How the Jesus Boat Was Found
For believers, the Jesus Boat is one of the most beloved and significant archaeological finds in the world.
On a drought-dried shore of the Sea of Galilee in January 1986, two brothers—Moshe and Yuval Lufan—who were fishermen from Ginosar—called Gennesaret in Jesus’ day (Matt. 14:34, Mark 6:53)—caught sight of something mystifying sticking through the mud. Twelve days later, an ancient vessel saw the light of day for the first time since it sank nearly 2,000 years before.
The Sea's water level was drastically lowered at that time, the result of a severe drought. When the water was stopped overflowing on to the shoreline, the two found the remains along the northwest shore near the city of Tiberias.
The brothers notified authorities about their findings. A team of archaeologists was dispatched to investigate. Understanding the boat’s remains were of significant historical importance to Jews and believers, a covert dig was launched by members of Kibbutz Ginosar, the Israel Antiquities Authority and numerous volunteers.
Rumor quickly spread that the boat was full of gold and the dig had to be guarded night and day. Excavating it from the mud without damaging it, fast enough to extract it before the water rose again, was a difficult. It took 12 days and nights. The boat was then immersed in a chemical bath for 7 years before being displayed at the Yigal Allon Museum in Kibbutz Ginosar.
A one-of-a-kind artifact, the Boat of Jesus (also referred to as the Sea of Galilee Boat) was identified as an ancient fishermen boat that dated back to 1st Century AD—the time of Jesus and His disciples. While the boat bears the name of Jesus, there doesn't seem to be a connection between the two.
The boat's construction conforms to other boats built in that part of the Mediterranean between 100 BC and AD 200. Constructed mostly of cedar planks linked together by pegged mortise and tenon joints and nails, the boat is shallow drafted with a flat bottom. This allowed it to get in close proximity to the shore while fishing. It was made up of ten different woods. This suggested that there was a shortage of wood or the boat was constructed of scrap wood and had withstood extensive and repeated fixes.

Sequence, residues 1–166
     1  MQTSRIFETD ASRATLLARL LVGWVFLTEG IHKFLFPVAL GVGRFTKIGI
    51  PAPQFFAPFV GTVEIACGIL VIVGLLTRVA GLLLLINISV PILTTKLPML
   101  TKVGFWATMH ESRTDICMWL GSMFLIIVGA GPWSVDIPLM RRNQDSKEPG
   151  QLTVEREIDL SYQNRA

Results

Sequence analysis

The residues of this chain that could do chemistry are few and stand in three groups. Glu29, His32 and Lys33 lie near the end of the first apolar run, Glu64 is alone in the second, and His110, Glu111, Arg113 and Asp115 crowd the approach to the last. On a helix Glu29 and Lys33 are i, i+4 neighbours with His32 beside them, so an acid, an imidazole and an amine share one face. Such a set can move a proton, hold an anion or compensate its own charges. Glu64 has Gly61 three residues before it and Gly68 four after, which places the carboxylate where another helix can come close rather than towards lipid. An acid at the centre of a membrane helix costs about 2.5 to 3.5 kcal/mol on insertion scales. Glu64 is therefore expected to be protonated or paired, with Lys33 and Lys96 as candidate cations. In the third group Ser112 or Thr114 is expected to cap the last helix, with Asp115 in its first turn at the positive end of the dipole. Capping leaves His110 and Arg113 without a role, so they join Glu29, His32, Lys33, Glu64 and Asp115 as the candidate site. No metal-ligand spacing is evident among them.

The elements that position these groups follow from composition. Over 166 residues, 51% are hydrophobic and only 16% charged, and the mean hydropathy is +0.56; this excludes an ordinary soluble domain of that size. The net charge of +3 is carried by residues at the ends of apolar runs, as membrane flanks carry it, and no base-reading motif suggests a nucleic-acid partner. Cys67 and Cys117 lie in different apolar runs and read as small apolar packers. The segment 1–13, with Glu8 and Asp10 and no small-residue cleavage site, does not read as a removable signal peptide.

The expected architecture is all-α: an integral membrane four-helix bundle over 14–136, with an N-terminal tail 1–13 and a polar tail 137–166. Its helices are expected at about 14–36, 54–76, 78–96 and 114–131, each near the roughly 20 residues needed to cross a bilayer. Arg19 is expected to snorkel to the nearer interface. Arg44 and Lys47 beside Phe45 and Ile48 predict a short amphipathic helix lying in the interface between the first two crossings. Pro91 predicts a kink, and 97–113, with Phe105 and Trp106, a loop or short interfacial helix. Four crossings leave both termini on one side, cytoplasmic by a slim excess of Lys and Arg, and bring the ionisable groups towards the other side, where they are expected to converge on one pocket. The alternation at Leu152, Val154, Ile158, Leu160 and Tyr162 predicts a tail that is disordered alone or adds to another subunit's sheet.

The boat could be used with sails or oars, had room for four oarsmen, a helmsman and about ten passengers. Some believe such a boat could easily have transported Jesus and His twelve disciples across the Sea of Galilee. The remains measured 27 feet long, 7.5 feet wide and 4.3 feet high. That size would have been able to hold 15 people. The boat would have transported passengers and supplies around and across the lake by using used a square sail affixed amidships and could have been rowed or sailed.
There was evidence of numerous repairs, which indicated the boat had been used for a few decades, maybe close to a century. When the fishermen who owned the boat believed it was beyond repair, they took out all the useful parts, including the last, stem and sternposts. Then they pushed it into the lake where it sank in the silt.
The discovery of the boat rocked the archeological and spiritual worlds. No other ancient vessel had been found so intact. Scholars believed it was a combination ferry and fishing boat that could have been part of a sea battle with the Romans.
The boat remains on display in the Yigal Allon Center on the grounds of Kibbutz Ginosar. To date, over one million believers who have viewed it. Although no one knows exactly who rode in the Jesus Boat or what its purpose was, it is still a powerful reminder of the Gospel’s stories of Jesus and His disciples, many of whom were also fishermen.